The US navy has ordered a ship to the Indian Ocean to search for a missing Malaysian airliner amid reports the plane kept "pinging" a satellite after losing radar contact.
The focus of search efforts shifted on Thursday from the South China Sea after the US said "new information" indicated that Malaysia Airlines Flight MH370, with 239 on board, may have gone down to the west in the Indian Ocean.
Malaysian authorities expanded their search for the plane westward towards India, based on reports that it could have flown for hours after it last made contact.
Hishammuddin Hussein, the Malaysian transport minister, said his government was asking for radar data from India and other neighbouring countries.
For its part, India used heat sensors on flights over hundreds of uninhabited Andaman Sea islands on Friday and will expand its search futher west into the Bay of Bengal, officials said.
Two Indian naval ships and two coast guard vessels also scoured the surrounding seas without finding evidence of the plane, according to Colonel Harmit Singh, a spokesman for India's navy.
Jay Carney, a spokesman for the White House, said: "It's my understanding that based on some new information that's not necessarily conclusive, but new information, an additional search area may be opened in the Indian Ocean.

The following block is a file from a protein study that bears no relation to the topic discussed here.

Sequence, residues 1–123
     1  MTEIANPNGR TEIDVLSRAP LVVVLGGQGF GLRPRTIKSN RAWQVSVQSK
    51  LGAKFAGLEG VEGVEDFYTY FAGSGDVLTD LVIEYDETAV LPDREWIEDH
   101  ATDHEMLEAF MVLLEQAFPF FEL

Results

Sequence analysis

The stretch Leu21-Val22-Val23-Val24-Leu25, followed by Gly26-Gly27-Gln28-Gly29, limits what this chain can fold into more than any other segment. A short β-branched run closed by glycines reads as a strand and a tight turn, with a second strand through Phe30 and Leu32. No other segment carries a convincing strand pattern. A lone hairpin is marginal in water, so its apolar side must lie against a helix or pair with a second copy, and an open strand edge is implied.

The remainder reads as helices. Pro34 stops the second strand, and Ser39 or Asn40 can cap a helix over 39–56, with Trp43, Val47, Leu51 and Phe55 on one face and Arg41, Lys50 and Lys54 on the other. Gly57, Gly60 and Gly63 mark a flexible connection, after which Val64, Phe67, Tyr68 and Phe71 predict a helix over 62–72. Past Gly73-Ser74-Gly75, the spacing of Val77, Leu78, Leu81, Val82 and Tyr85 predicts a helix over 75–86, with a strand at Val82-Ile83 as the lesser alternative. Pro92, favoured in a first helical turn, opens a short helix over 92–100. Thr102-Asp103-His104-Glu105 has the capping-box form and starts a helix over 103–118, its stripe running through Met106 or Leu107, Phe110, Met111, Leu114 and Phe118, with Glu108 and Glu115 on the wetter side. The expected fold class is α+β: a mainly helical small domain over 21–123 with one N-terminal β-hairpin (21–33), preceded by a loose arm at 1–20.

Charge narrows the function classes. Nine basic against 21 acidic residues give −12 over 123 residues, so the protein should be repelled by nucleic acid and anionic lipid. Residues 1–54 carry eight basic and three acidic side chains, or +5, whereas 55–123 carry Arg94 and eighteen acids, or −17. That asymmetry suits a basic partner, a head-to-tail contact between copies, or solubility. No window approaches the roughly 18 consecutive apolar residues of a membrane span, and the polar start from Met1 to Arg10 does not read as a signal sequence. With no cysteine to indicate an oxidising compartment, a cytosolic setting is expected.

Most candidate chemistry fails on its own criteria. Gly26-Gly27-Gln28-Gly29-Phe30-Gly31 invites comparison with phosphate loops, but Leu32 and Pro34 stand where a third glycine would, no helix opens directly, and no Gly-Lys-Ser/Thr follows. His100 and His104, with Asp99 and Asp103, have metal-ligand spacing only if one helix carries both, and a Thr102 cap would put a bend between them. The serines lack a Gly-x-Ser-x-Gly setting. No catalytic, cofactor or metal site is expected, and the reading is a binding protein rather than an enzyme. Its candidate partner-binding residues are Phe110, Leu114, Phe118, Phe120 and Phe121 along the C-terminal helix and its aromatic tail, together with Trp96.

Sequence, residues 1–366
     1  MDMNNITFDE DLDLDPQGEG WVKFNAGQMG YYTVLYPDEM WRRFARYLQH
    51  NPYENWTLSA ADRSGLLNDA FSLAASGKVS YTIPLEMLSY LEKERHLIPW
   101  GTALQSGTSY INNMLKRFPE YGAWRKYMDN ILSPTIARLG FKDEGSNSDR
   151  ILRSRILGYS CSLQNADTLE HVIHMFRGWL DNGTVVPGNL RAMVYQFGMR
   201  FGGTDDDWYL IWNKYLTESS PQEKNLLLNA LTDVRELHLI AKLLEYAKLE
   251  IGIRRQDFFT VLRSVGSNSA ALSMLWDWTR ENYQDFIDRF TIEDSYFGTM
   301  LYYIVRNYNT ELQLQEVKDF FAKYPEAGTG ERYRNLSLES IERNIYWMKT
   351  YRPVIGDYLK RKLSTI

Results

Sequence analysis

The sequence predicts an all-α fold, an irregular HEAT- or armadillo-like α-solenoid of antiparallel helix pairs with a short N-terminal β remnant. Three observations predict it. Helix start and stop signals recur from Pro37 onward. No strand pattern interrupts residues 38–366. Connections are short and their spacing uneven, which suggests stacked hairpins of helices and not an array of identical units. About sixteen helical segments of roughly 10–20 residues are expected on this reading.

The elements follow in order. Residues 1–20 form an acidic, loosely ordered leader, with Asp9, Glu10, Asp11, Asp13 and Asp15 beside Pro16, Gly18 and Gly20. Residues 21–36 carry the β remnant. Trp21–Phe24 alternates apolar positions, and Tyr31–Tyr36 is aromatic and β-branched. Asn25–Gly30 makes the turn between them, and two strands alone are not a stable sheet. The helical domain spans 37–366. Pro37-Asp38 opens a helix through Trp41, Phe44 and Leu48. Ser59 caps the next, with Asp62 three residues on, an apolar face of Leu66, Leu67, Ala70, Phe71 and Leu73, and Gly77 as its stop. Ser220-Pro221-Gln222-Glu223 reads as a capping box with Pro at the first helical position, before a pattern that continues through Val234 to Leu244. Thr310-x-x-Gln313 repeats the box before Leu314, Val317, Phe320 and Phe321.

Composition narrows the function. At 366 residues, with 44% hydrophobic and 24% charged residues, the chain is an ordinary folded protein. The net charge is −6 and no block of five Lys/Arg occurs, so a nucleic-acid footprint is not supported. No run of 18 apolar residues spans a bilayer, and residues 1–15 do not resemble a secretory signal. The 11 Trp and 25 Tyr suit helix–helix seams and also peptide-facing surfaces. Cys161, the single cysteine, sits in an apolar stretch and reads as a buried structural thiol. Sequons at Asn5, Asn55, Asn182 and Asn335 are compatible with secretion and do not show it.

Separately, a US navy official, referring to a guided-missile destroyer initially deployed to the Gulf of Thailand said: "The USS Kidd is transiting the Strait of Malacca, on route to the Indian Ocean."
A US surveillance plane was also believed to be heading to the area to join another US aircraft.
A second US destroyer, the USS Pinckney, is still in the Gulf of Thailand, but it was unclear if it would remain in the international search effort after this week, officials said.
|Uncertainty clouds search for Malaysian airliner
These moves followed reports that the Boeing 777 airliner's communication system continued to contact a satellite for a number of hours after the plane disappeared off radar as well as statements by Malaysian officials that the airliner may have doubled back after taking off from Kuala Lumpur.
So far, communications satellites have only picked up faint electronic pulses from the flight since it went missing, but the signals have given no indication about where the jet was headed nor its technical condition, a source close to the investigation told the Reuters news agency.
Planes were sent on Thursday to search an area off the southern tip of Vietnam where Chinese satellite images published on a Chinese government website reportedly showed three suspected floating objects. But they only saw ocean.
Dozens of ships and aircraft from 12 nations have been searching the Gulf of Thailand and the strait, but no trace has been found.
"It's such a vast area and with these little clues they really don't know where to start," said Al Jazeera's Scott Heidler reporting from Kuala Lumpur.
The search area has grown to 92,600sq km.